Maybe being handed the tickets and having the door held open wasn’t expected. Looks like we’re stuck with them. What if they had decided to go? HSBC threatens to go. Would we get by without them?

What if they had gone. What if all the banks decided to go. What would happen?

Would the economy fall apart, or would we actually be better off?

Paying for the things you want in the blink of an eye. Sounds amazing, doesn’t it? You don’t sign, or PIN, or even touch. But who’s to say its you buying? How NFC back-end fraud detection must get smart!

You see, this speed carries one big penalty. Security. Not for the device, for you. The transaction is now so fast, it can’t be fraud-checked conventionally.

“Contactless” means just that. No contact from either side – counter or customer. There’ll be no alerts, no chance to stop a fraudster. Or is there?

I can’t believe how fast this technology is developing. Everyone seems to be at it. Mobile is big and NFC seems to be flavour of 2011.

NFC- fastest way to empty your wallet so far. NFC uses your mobile phone to part you from your hard-earned money instantly. You don’t have to touch, key in or sign anything. Just wave your phone about.

Well, I say you – but what I really mean is it doesn’t necessarily have to be you, just anyone who happens to have your phone.

And I’m really, really not happy about that.

The Internet and freedom. Two words we always believed couldn’t be separated. Recent events have shown otherwise. How The Internet has replaced the pen as tyranny's great adversary

Now this isn’t a commentary about the rights and wrongs of the Egyptian unrest. This is about freedom and our right to unhindered expression.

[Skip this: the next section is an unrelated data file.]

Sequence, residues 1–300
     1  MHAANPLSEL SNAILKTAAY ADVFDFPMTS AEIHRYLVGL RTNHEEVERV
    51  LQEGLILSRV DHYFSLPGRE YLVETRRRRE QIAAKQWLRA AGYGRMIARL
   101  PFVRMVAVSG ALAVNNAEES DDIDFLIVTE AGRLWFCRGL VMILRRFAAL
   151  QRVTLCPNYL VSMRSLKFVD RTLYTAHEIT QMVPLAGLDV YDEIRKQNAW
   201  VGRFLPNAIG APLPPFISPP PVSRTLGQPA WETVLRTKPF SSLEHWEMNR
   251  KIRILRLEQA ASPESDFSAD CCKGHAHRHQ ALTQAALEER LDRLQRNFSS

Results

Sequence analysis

Egypt’s demonstrated that regimes can just turn off dissent at the flick of a switch. Could we suffer the same fate in our increasingly Orwellian society?

Oh, how we would all love a new bank. A bank that did everything right. Perfect. Sorry, you’re dreaming. That’s not going to happen. we may not see a new bank, but we can string them along... The current banks operate a virtual cartel, effectively shutting out any new player. Now while the boutique banks may focus on specific products and find a niche, Chances of a new NatWest or Barclays appearing are small.

But there is a way to get a better deal. We just need to leverage the old deal…

What a pity violent student riots took the spotlight away from real people power. Maybe we will yet see the Government shamed into action. vodafone too big to pay taxes?

While many at the lower end of the earnings spectrum are genuinely suffering, banks and big corporates seem to have been granted some financial immunity.

In fact it beggars belief…

I feel I may soon know how the guy felt when he suggested the world wasn’t flat. I’m no where near as visionary – but I may get vilified all the same… When technology doesn't mirror life - why Internet security is wrong. Imagine this scene… You walk into a retailer – any retailer – with a stolen wallet. You pick a range of expensive goods. As long as you have the PIN or the cash, you can take away whatever you want, unchallenged.

No checks, no ID, no second glance. Now, let’s go online…

Asus puzzled me. Great tech, but somehow it misread current consumer trends. Finally here’s something that may hit the mark.

Wait – put that credit card away. Don’t get too excited just yet. Both the Asus ePad Transformer and Slider are still at the mock-up stage.

But as Android devices, they’ve had the courage to break ranks with the rest of Microsoft’s serfdom and could have a hit on their hands.

Another snowy morning. Another day’s news of travel woes and broken services. Wasn’t this supposed to be the age of technology?

technology seems forgotten as snow falls...

Looking around my neighbourhood, middle-management cars struggle past on route to some distant office to connect to some services located somewhere else. They’ll sit at their desk to phone customers who again, will be somewhere else. Noticed the common thread here?

Finally, its here. What we’ve all been waiting for since Sun shone into our lives. Oracle’s launched a Cloud version of Open Office. Finally, here's Open Office for the Cloud!

There’s not much details about it as yet – like how much it will cost, for example – The Oracle site just provides a PDF about it. What I can say at this point is it remains 100% compatible with Desktop Open Office, retaining Open Document formats as well as PDF. It’s MS Office compatible, too.

But the site mentions a £33.00 charge for Desktop Open Office…